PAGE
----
Few things generate more myths and uninformed hot takes than a new technology, and in the age of fake news, electric vehicles (EV’s) are subject to many false reports. Let’s bust the five most prominent EV myths.
Myth: There won’t be enough power for all the EV’s we will supposedly drive in the near future.
Reality: The power demand from EV’s is not as drastic as portrayed, and the grid is growing to meet it.
Critics who assume EV owners will collapse the grid are assuming the vast majority of EV’s will be charged during peak demand and charged each day. However, most Americans commute about 40 miles per day, and would need to charge once or twice per week. Charging later in the evening instead of during peak demand would make this even less of a problem.
As for grid capacity, it’s growing daily, and has met challenges like this before. In the first two decades after World War II, Americans put unprecedented new demands on utilities with air conditioning, power-guzzling CRT TV sets, and washers and dryers. The grid was strengthened as a result.
For full details on grid support for EV’s, see our recent article on the subject.
Myth: EV’s are as bad for the environment as gas cars (or worse) because of their manufacture.
Reality: The carbon and pollution an EV saves far outweighs the impact of making it.
The idea seems logical: Automobile manufacturing is a resource-intensive process, and making an EV battery requires the mining and transport of rare earth metals, new factory processes, etc. So, all that must outweigh any CO2 and pollution the car will save, right?
Not so. It is true that manufacturing the battery of an EV creates a significant carbon debt. As a result, the total carbon footprint of making an EV is 150% of the footprint to make a gas car. But over the course of its life, the gas car will emit 267% as much carbon as the EV!
Myth: EV’s are as bad for the environment as gas cars (or worse) because of where they draw power from.
Reality: More renewables are coming online, and high carbon sources are disappearing fast
A political cartoon aptly captured this idea when it showed a clean EV powered by a cord plugged into a filthy coal-burning power plant. But coal and other high emission sources are being decommissioned rapidly, replaced by an exploding inventory of renewables (wind, solar, and biogas) and by cleaner natural gas generators. In fact, natural gas is serving as “bridging fuel,” ensuring the grid has reliable power until wind and solar are common.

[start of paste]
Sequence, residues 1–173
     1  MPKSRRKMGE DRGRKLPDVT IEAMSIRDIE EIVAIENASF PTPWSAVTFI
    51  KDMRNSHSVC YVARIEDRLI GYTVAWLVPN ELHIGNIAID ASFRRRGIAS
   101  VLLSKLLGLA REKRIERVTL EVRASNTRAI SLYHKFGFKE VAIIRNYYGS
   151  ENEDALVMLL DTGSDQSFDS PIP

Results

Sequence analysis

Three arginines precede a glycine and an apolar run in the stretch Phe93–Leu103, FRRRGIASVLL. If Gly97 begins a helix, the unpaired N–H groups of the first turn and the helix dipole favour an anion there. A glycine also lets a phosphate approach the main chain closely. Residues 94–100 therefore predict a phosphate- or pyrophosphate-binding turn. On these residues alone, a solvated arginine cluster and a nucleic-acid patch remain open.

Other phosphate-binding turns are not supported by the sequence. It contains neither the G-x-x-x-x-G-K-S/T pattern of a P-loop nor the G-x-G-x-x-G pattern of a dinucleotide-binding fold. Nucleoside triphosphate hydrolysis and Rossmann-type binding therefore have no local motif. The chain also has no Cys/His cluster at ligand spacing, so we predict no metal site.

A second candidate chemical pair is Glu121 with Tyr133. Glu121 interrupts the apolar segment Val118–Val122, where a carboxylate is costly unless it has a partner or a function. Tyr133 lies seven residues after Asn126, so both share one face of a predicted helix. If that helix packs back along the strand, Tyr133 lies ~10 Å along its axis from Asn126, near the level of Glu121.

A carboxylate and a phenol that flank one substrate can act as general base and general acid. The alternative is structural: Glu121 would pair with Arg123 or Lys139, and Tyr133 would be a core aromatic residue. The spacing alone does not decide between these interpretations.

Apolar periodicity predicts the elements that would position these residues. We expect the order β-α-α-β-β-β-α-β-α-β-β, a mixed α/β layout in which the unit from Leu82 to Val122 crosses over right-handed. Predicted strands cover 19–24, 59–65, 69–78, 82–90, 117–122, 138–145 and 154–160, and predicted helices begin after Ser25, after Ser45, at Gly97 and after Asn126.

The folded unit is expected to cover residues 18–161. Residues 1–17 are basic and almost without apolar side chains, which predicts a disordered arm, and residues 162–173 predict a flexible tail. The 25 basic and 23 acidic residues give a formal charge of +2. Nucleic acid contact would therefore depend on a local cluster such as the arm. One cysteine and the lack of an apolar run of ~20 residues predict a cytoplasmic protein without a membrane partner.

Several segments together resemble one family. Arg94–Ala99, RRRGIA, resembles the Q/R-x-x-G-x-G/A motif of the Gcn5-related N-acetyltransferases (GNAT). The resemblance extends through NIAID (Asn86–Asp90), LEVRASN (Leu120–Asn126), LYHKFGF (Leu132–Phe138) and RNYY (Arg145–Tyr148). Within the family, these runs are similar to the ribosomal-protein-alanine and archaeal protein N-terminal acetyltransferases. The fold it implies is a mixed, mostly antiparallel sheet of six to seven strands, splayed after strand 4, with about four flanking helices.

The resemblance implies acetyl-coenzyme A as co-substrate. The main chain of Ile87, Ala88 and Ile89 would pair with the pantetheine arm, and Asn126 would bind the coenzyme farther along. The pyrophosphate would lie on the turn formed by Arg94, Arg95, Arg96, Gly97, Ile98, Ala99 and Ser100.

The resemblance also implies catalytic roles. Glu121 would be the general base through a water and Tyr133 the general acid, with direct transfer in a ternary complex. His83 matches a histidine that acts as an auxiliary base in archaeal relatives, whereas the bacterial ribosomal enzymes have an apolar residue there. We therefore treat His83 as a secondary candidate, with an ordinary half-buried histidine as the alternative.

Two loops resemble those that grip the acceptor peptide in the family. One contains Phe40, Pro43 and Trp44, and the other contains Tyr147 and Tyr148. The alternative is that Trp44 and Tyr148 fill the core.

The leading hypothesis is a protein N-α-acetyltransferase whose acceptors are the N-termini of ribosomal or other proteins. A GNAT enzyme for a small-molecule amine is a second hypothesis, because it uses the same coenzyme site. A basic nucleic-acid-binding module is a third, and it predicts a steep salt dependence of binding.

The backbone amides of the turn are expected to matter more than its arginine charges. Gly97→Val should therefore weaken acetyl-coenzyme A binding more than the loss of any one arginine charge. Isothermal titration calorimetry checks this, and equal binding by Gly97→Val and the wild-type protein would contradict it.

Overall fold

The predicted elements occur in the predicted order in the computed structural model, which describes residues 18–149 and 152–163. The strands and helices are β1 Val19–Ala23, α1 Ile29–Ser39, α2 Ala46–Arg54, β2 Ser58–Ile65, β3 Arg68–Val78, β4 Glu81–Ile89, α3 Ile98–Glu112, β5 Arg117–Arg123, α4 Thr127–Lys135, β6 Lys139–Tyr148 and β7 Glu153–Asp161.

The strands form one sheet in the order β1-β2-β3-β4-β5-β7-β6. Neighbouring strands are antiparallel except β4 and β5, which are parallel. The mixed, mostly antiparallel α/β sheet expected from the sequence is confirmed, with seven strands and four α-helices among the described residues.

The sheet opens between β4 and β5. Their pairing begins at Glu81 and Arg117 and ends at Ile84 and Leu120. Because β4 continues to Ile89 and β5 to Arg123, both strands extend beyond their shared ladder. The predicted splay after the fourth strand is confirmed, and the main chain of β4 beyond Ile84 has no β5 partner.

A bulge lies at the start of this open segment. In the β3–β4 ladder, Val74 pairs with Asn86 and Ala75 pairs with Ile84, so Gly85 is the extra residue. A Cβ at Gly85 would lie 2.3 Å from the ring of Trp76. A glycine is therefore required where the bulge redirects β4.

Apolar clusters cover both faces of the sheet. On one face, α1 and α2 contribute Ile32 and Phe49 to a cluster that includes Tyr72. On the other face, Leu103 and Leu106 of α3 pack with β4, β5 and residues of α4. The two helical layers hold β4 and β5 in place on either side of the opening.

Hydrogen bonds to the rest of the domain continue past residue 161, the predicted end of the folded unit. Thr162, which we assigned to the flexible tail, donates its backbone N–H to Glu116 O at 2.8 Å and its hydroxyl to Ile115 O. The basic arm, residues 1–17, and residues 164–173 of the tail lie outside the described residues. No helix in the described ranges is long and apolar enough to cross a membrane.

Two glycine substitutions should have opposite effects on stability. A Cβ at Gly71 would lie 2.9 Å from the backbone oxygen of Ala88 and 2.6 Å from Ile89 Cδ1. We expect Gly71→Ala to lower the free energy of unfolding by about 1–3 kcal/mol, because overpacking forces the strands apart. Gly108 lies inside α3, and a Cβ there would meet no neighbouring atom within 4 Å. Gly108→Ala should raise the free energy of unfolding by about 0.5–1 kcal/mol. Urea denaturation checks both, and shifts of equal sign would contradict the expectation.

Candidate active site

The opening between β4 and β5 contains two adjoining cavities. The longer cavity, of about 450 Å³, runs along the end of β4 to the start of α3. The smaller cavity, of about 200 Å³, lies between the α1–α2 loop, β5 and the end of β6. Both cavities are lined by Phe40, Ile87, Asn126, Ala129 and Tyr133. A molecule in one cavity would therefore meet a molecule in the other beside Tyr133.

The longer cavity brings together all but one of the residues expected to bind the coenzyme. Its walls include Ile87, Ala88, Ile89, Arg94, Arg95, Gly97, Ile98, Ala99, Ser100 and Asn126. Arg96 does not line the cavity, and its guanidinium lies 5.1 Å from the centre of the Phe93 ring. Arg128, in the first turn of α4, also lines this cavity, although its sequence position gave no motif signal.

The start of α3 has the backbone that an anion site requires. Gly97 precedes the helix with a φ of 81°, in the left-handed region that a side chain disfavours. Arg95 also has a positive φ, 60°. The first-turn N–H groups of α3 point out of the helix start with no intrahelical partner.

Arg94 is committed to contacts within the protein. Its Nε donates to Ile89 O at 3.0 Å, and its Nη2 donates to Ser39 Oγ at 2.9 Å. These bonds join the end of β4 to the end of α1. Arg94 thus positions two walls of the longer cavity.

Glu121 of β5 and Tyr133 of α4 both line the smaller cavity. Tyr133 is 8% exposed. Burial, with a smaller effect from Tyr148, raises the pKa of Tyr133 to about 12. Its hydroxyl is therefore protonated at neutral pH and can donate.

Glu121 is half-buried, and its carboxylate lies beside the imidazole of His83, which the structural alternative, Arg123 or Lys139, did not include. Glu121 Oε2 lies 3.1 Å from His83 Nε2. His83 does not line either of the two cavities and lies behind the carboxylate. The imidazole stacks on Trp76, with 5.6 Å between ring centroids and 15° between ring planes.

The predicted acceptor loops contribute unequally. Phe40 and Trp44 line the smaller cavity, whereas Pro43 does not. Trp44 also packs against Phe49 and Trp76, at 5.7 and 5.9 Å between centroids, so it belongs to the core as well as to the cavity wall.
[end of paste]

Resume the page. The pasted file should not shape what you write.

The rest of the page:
Myth: EV’s can’t be useful for the average user because they are too expensive/don’t go far enough/there aren’t enough chargers
Reality: Improvements in the vehicles and charging networks make EV ownership easy.
Once, EV ranges were short and you could have any kind of car you wanted, as long as it was an expensive generic sedan. Finding a charger could be an adventure. And road trips? Fuhgeddaboudit.
Today’s EV fleet ranges from a Maserati supercar to work trucks like the F-150 Lightning. It also features family cars of every type, including crossovers and SUV’s, and prices are comparable to the same types of gas cars.
Charging networks are also growing. The infrastructure bill even included funding for a national network of 500,000 chargers that will make highway travel a breeze.
Myth: EV’s catch on fire easily and/or explode
Reality: EV’s are actually safer than gas cars in this regard.
Though it’s true misused or improperly stored lithium-ion batteries or improperly installed charges can catch fire, this myth is the result of irresponsible news coverage. Media outlets have portrayed fires as common when they are rare, and even blamed fires aboard cargo ships on the EV’s in their holds.
Let’s dispel the cargo ship myth first: The International Union of Marine Insurers has said “[N]o fire onboard a ‘roro’ or pure car and truck carrier (PCTC) has been proven to have been caused by a factory-new EV.”
What about cars on the road? EV’s make up 20% of the cars in Norway, and an analysis of data from first responders found that gas cars were burning at a rate (30 fires per 100,000 cars) that is six times higher than that of EV’s (5 fires per 100,000 cars).
Many technologies are misunderstood and even feared until they become so common people wonder what the fuss was about. EV’s are coming out of the fog of misinformation and beginning to take their rightful place in American life.